How a young couple lucked into the perfect first pad in Trinity Bellwoods

How a young couple lucked into the perfect first pad in Trinity Bellwoods

Great Spaces: Trinity Bellwoods
Great Spaces: Trinity Bellwoods

One look at their place and you can tell: Andrea Van Leeuwen and Dan Habashi are in touch with their inner kid. They met at a Halloween party—she was a cowgirl; he was the Cat in the Hat. They soon discovered that they shared interests in design, travel and tech (they both work in the industry: she’s in marketing; he’s in brand development). When they got engaged, in early 2010, they were living at opposite ends of the city. They began hunting for a home together near Trinity Bellwoods, where most of their friends lived. As all Torontonians know, the house hunt is a gruelling enterprise, requiring months of combing, viewing, culling, bidding and compromising to find anything approaching the wish list, within budget, in the desired area. Van Leeuwen and Habashi must be charmed: the first place they saw—an 1880s red-brick Victorian with an interior that had been thoroughly gutted by a previous owner—was The One. Since they didn’t have to do a reno, they focused on finishings. Their design ethos boils down to this: decor shouldn’t take itself too seriously. So far, that has meant a collection of vintage furniture reupholstered with bright, modern fabrics, and designer pieces that add colourful, Seussian punches to white-walled rooms. Since the arrival of their sons, Van Leeuwen and Habashi have upped the whimsy quotient: the yellow coffee table in the living room, for instance, doubles as a jungle gym. Even with expensive pieces, they like to subvert expectations and have a little fun. When Van Leeuwen’s father gave the couple a roll of wallpaper by Spanish company Tres Tintas, printed with line drawings of a chair by Javier Mariscal, they hung it upside down.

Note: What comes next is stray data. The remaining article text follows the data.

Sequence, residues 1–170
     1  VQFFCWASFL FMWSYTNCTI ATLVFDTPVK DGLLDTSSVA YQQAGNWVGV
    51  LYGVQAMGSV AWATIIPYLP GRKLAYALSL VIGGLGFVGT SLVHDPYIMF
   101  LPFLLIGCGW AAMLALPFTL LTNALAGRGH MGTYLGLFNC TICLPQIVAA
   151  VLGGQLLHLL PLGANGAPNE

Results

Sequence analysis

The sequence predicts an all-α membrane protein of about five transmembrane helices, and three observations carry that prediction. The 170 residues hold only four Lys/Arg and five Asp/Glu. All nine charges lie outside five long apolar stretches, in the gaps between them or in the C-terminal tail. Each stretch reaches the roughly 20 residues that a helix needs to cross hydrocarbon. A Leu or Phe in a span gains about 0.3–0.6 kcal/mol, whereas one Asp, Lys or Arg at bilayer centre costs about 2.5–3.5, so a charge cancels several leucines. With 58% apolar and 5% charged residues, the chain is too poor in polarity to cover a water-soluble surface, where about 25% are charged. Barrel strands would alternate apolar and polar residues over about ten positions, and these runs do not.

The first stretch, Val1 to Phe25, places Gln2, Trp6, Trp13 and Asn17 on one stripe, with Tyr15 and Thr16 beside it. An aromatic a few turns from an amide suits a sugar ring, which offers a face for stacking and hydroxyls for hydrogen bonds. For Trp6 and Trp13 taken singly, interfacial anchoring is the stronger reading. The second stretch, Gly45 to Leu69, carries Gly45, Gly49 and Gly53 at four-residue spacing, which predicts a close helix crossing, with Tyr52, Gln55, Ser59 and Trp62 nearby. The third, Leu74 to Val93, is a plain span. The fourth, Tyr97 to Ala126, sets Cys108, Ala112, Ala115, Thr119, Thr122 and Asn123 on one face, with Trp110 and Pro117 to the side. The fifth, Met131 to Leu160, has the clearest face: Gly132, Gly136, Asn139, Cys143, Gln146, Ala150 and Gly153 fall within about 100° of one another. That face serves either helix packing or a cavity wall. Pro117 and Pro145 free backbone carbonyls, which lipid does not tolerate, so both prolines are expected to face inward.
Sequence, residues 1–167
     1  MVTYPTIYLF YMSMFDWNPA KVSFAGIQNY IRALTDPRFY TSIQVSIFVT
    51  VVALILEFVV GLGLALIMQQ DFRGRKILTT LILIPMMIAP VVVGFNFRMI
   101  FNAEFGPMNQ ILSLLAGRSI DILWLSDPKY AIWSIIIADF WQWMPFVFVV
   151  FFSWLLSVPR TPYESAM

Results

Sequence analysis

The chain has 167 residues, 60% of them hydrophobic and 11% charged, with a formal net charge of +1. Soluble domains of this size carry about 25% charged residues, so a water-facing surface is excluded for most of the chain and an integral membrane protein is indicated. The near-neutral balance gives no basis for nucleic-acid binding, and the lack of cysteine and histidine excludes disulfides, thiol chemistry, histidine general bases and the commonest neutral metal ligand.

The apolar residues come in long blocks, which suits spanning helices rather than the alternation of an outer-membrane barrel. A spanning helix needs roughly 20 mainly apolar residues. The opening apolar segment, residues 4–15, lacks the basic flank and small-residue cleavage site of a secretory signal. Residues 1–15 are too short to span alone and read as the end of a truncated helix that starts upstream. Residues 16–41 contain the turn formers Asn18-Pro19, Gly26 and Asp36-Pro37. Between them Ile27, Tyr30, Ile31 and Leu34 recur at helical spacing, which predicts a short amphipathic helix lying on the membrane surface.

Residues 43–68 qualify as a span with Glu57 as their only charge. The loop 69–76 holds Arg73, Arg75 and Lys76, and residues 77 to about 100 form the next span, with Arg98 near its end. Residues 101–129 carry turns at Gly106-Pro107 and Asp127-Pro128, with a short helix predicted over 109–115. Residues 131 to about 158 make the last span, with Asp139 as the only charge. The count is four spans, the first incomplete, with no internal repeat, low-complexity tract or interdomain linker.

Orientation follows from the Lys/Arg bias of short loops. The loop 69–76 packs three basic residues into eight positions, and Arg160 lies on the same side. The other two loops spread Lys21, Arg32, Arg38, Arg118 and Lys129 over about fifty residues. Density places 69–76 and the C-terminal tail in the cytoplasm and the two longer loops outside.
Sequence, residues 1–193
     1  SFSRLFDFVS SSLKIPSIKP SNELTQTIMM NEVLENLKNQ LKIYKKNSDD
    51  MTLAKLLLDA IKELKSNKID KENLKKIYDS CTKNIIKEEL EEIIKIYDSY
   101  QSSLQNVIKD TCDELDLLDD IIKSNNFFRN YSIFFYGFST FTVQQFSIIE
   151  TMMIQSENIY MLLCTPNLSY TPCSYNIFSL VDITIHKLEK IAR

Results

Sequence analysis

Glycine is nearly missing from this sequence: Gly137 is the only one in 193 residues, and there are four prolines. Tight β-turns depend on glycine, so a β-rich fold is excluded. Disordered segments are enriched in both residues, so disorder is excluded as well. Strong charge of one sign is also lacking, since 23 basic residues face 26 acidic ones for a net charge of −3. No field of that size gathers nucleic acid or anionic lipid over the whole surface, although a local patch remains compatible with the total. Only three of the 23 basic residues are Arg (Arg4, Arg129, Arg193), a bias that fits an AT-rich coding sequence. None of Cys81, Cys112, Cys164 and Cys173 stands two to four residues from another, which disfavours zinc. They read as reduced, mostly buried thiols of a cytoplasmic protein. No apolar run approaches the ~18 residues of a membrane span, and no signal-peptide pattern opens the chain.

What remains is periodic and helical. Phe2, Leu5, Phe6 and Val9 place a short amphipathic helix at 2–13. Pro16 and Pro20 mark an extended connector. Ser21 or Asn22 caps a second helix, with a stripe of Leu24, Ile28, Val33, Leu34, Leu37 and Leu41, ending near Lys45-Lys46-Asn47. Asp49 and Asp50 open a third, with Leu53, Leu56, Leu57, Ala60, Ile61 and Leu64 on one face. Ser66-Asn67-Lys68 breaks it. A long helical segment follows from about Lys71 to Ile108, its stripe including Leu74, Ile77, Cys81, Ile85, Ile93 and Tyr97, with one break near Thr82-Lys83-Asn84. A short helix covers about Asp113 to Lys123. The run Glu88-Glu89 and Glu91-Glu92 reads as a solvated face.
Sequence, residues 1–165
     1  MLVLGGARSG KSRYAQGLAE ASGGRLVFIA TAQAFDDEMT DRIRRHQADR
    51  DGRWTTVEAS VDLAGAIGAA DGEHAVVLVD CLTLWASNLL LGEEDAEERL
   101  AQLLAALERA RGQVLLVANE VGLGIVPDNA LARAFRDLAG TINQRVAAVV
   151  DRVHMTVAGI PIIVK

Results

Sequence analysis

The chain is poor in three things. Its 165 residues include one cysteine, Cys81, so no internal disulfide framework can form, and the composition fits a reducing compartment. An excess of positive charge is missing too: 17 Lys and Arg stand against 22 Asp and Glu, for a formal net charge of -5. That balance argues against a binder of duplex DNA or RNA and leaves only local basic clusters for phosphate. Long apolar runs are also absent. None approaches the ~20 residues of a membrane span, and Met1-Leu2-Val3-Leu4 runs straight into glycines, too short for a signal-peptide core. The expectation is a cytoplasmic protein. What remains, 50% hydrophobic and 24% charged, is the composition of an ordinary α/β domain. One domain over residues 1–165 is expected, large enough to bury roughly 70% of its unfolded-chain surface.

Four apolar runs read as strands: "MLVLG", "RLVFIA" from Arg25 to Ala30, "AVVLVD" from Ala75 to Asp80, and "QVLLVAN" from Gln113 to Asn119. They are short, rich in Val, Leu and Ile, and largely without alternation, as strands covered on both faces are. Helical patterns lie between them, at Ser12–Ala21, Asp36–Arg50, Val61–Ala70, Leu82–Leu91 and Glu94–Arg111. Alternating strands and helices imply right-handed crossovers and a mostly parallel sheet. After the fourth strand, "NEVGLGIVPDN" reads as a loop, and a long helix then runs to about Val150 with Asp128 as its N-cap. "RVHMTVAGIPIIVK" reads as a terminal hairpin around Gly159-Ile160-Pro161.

Van Leeuwen and Habashi bought the sofa (seen here with Calvin, their goldendoodle) and side chair from the St. Lawrence Antique Market for $199 (for the pair). Within a week of their move, there was a gas leak, so replacing the fireplace was their first home project. This model is from the Fireplace Shop:

Great Spaces: Trinity Bellwoods
Great Spaces: Trinity Bellwoods

French doors in the kitchen lead out to a fully landscaped backyard:

Great Spaces: Trinity Bellwoods
Great Spaces: Trinity Bellwoods

Van Leeuwen bought this teak sideboard, which is in the master bedroom, at Inabstracto on Queen West:

Great Spaces: Trinity Bellwoods
Great Spaces: Trinity Bellwoods

Their elder son’s bed is an antique passed down from Van Leeuwen’s side of the family:

Great Spaces: Trinity Bellwoods
Great Spaces: Trinity Bellwoods

The stained glass panel is original to the home:

Great Spaces: Trinity Bellwoods
Great Spaces: Trinity Bellwoods

They got this oversized canvas measuring tape on Etsy. It’s in their elder son’s bedroom:

Great Spaces: Trinity Bellwoods
Great Spaces: Trinity Bellwoods

Van Leeuwen and Habashi commissioned this painting, by the artist Joy Broadbent, in 2015:

Great Spaces: Trinity Bellwoods
Great Spaces: Trinity Bellwoods

The hot-air balloons in their younger son’s room are by Authentic Models:

Great Spaces: Trinity Bellwoods
Great Spaces: Trinity Bellwoods

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